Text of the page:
What: “The Evolution of Music,” a presentation by professor Charles Snowdon
When: 4:30 p.m., Friday
Where: 125 Nolte Center, 315 Pillsbury Dr. SE, Minneapolis
Describing the music composer David Teie created, professor Charles Snowdon gives a sharp critique.
“It’s really high-pitched, and it’s shrill,” Snowdon said. “It kind of reminds me of someone scraping their nails on a blackboard or something.”
Thankfully, the music’s not meant for human ears. Teie, a cellist for the National Symphony Orchestra, created the piercing tune for a colony of cotton-top tamarins, an endangered South American monkey species.
Snowdon, a psychology and zoology professor from the University of Wisconsin-Madison, presents “The Evolution of Music” on Friday to discuss the fruits of his musically inspired collaboration with Teie — a case for music’s inherent evolutionary function.
“I came up with a theory on how music affects the emotions,” Teie said. “If I was right, then I should be able to write music that would be effective for a species other than human.”
After Teie explained his theory via email, Snowdon sent the cellist sound files of two disparate tamarin calls — one intended to threaten others, and another intended to signify safety. For humans, the sounds are almost indistinguishable. Teie had to slow the calls down and transpose them for analysis.
“That thing that sounds like just a chirp — if you slow it down, take it down three octaves, it was basically an E-flat major scale,” Teie said. “Very regular. It was a shockingly tonal call. Basically it’s not unlike analyzing music.”
“When he slowed them down to human-hearing range, he began hearing all sorts of musical structures in their calls,” Snowdon said.
Based on theoretical ideas — that fast-paced, staccato notes will be arousing, while long, legato notes will be calming for the monkeys — Teie soon crafted his own inter-species compositions for Snowdon’s monkey colony. The music worked. The monkeys became calmer when introduced to the “high-pitched” sample Snowdon described. Conversely, the monkeys were agitated with Teie’s “heavy-metal” tamarin music.
“This was all composed for cello,” Snowdon said. “Turns out if you take the tamarin music and slow it down and bring it down three octaves lower, it’s in the same vocal range as the cello.”
The control for Snowdon’s experiments, music for humans by Metallica and Tool, didn’t induce behavioral change compared to the music that Teie made. Snowdon expanded the ideas to explain music’s universal evolutionary role, important in the emotional function music provides.
“Harmonic notes are likely to be pleasing and represent affiliation or confidence,” Snowdon said. “Dissonant sounds or noisy sounds are likely to be associated with fear and aggression.”
The soothing tamarin music Teie composed sounds so harsh to humans because of the vast difference in resting heart rate.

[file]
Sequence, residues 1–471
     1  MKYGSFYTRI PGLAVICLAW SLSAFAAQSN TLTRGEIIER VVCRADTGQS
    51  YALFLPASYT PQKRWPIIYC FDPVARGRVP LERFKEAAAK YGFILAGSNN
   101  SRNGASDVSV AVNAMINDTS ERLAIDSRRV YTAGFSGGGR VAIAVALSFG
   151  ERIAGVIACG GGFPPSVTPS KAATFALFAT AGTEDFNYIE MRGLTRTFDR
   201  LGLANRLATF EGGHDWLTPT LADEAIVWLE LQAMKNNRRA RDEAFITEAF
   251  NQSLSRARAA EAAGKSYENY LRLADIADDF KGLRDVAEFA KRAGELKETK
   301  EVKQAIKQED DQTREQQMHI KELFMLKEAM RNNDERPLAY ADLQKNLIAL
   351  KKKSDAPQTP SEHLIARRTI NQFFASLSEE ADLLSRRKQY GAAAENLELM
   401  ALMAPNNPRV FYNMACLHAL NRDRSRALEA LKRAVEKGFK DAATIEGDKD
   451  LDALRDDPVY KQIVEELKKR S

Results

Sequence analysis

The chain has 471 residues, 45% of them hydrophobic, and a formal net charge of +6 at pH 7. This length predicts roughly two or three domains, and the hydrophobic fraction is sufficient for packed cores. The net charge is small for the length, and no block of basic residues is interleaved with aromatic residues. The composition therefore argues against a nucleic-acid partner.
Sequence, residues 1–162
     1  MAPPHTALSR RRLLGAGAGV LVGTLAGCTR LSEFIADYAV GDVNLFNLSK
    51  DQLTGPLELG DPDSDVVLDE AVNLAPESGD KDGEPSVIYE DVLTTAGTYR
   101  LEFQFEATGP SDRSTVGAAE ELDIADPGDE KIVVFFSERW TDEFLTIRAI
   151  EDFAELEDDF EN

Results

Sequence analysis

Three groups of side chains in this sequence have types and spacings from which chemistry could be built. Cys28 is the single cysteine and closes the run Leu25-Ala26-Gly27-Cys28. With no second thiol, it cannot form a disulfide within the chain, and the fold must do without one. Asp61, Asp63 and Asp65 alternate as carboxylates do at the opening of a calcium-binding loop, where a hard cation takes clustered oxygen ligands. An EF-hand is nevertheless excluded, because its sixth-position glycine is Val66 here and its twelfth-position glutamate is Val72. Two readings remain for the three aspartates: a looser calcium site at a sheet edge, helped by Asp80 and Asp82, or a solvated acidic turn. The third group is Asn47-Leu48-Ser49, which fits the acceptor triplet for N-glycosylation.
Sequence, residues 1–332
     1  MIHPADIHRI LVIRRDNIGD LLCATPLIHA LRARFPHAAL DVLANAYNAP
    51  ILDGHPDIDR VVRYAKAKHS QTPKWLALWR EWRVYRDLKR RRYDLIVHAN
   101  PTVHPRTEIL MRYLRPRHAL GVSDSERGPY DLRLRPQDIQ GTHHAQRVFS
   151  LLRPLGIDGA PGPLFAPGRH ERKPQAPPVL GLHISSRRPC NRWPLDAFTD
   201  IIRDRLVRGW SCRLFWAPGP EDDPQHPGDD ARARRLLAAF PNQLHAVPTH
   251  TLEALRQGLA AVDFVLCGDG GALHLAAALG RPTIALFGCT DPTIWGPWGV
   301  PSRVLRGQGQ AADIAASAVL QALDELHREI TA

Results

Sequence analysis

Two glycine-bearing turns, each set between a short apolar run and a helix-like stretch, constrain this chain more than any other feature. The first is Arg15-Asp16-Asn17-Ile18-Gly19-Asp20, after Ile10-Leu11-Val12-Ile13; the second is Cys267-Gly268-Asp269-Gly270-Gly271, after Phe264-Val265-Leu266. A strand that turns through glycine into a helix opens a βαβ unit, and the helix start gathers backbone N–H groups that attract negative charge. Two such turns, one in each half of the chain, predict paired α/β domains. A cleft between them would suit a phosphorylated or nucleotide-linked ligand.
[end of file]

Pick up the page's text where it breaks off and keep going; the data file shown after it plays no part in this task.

“The monkeys, we hypothesized, would be more likely to be calmed by something closer to their resting heart rate, which is about 180 to 200 beats per minute,” Snowdon said.
After the popular response to Snowdon and Teie’s research, the two set their sights on cats after learning that pet-owners often think their beloved animals prefer a certain genre of music. One woman Snowdon met said her dog loves country music.
“I said I can come up with two other explanations for why you’re dog might seem happy to see you,” Snowdon said. “One is you’re finally going to turn off the [expletive] radio, and secondly, dogs are the only pets that we have that aren’t allowed to pee during the day while we’re away.”
Teie used the same techniques drawing from the tamarin sessions to compose cat music, but this time with a pedal drum swishing to imitate the sound of suckling, an important sound in a cat’s emotional brain development, Teie said. The findings from Snowdon and Teies’ cat experiments are yet to be published, but the duo’s collaboration points to an enduring misunderstanding about music’s universality.
Laboratories as well as pet-owners play music for animals thinking it provides enrichment for them — a false idea that their music research shows.
“Most primate facilities now require music in the background as a kind of psychological enrichment for monkeys,” Snowdon said. “And yet the monkey music that we make sounds really dreadful to humans.”
Music can cross species boundaries, but the music for tamarins and cats differs in tempo and transposed by key — tonal differences are dependent on biological and developmental differences. But the fundamental connection lies in the emotional evolutionary function of music, one that Snowdon and Teie continue to explore.
“We use music to change our moods and change how we are feeling about ourselves,” Snowdon said. “This might go way back to other species. So both the cats and the monkeys are affected by the same features that we think are important for human music affecting us emotionally.”